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Acupuncture failed to reduce chronic knee pain.

Neither traditional nor laser acupuncture is more effective than sham acupuncture at lessening pain or improving function in patients older than 50 years who have moderate to severe chronic knee pain, a study showed.

In a randomized, partially blinded clinical trial, 282 participants aged 50 and older were randomly assigned to receive traditional needle acupuncture (70 patients), laser acupuncture (71 patients), sham laser acupuncture (70 patients), or no acupuncture (71 control subjects) in 20-minute sessions delivered once or twice weekly for 12 weeks.

At baseline, all the participants reported having moderate to severe knee pain and morning stiffness lasting less than 30 minutes on most days. They completed detailed questionnaires at baseline, 12 weeks, and 1 year measuring pain on walking or standing, physical function, activity restriction, health-related quality of life, and global change in knee pain and function over time, said Rana S. Hinman, Ph.D., of the Centre for Health, Exercise, and Sports Medicine, University of Melbourne, and her associates.

At 12 weeks and at 1 year, there were no significant differences in any of these outcomes between active acupuncture and sham acupuncture. Both needle and laser acupuncture improved pain at 12 weeks, compared with no acupuncture, but this improvement was "of a clinically unimportant magnitude" and did not persist, the investigators reported (JAMA 2014 Sept. 30 [doi:10.1001/ jama.2014.12660]).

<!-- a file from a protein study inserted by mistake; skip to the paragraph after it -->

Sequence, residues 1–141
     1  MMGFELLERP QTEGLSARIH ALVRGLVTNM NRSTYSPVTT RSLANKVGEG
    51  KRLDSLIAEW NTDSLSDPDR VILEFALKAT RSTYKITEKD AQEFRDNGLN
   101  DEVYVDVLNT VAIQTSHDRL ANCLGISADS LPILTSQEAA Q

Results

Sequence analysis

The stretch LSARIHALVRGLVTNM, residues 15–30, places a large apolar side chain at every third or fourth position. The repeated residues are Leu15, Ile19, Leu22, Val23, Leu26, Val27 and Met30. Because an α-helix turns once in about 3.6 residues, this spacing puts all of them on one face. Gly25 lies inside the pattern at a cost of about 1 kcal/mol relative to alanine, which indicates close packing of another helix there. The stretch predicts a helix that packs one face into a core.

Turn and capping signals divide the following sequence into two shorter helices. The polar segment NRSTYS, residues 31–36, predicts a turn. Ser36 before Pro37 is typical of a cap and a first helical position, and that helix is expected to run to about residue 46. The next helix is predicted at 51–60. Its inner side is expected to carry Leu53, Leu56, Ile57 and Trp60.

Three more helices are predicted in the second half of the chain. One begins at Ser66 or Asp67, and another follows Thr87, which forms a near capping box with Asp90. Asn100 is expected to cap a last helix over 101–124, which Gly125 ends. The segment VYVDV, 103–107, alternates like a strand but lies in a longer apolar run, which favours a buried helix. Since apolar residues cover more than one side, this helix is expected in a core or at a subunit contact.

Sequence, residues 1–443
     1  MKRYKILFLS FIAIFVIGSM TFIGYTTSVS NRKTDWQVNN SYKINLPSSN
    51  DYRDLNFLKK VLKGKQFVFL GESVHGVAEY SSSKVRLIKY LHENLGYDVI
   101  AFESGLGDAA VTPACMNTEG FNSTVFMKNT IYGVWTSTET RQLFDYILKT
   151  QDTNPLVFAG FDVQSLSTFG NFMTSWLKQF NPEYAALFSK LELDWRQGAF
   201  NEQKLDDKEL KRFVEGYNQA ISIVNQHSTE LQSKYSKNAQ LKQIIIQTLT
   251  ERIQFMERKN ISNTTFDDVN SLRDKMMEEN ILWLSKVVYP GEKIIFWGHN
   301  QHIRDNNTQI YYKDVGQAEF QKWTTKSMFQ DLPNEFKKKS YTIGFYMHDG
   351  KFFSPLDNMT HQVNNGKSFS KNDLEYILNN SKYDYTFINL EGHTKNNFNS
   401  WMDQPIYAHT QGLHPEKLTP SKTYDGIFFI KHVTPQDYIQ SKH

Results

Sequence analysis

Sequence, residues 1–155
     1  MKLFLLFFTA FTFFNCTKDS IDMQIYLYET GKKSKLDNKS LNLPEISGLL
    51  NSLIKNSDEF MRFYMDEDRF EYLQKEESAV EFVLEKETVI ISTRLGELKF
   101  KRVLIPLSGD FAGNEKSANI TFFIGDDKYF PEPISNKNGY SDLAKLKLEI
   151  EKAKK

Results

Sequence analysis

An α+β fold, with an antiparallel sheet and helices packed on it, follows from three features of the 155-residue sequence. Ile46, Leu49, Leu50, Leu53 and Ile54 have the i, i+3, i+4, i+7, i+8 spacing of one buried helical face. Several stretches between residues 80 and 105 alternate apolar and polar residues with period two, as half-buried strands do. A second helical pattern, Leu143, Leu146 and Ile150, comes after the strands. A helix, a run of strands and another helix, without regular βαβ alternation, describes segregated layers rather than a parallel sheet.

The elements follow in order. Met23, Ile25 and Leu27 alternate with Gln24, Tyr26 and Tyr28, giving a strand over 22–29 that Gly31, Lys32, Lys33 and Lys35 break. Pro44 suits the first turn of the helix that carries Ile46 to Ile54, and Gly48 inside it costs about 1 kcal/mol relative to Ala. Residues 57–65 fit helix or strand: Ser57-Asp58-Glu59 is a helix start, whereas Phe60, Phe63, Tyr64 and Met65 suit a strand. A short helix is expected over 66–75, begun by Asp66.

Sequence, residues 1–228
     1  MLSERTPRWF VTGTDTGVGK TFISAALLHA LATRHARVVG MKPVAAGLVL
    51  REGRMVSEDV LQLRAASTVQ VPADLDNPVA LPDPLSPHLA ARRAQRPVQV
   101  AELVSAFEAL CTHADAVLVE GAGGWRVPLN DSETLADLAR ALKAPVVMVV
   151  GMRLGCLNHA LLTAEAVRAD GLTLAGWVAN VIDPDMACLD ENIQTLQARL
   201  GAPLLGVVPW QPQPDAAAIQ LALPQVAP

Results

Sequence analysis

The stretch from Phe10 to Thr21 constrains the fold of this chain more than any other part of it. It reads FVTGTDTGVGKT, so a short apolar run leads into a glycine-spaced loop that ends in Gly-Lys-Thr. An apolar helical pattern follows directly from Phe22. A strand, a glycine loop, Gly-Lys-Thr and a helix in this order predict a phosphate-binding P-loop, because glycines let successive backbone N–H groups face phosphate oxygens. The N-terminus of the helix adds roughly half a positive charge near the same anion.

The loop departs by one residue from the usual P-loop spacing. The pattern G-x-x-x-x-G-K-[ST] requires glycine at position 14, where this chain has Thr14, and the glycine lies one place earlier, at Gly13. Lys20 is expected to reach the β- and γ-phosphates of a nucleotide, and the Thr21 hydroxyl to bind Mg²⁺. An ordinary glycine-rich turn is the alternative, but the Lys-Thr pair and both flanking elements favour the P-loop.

Clinical guidelines vary with regard to acupuncture for knee osteoarthritis. The American College of Rheumatology "conditionally recommends" the treatment in patients who are candidates for arthroplasty, the Osteoarthritis Research Society International is "uncertain" about its efficacy, the European League Against Rheumatism failed to reach consensus on the treatment and doesn't address it in final recommendations, the American Academy of Orthopedic Surgeons "cannot recommend" it, and the National Institute for Health and Care Ex-cellence's guidelines recommend against it. "The findings from our trial support these latter recommendations," Dr. Hinman and her associates wrote.


Caption: Chronic knee pain was no better with active than sham acupuncture at 1 year.


Key clinical point: Acupuncture did not decrease chronic knee pain in patients over 50.

Major finding: No pain or function outcomes were significantly different between active and sham acupuncture at 12 weeks or 1 year.

Data source: A randomized, partially blinded Zelen-design clinical trial involving 282 older patients with moderate to severe knee pain who were treated for 12 weeks and followed for 1 year.

Disclosures: This study was funded by the National Health and Medical Research Council of Australia and the Australian Research Council. Dr. Hinman reported receiving royalties from the sale of the Gel Melbourne OA shoe (Asics), and her associates reported numerous ties to industry sources.

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Article Details
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Author:Moon, Mary Ann
Publication:Internal Medicine News
Article Type:Clinical report
Date:Oct 15, 2014
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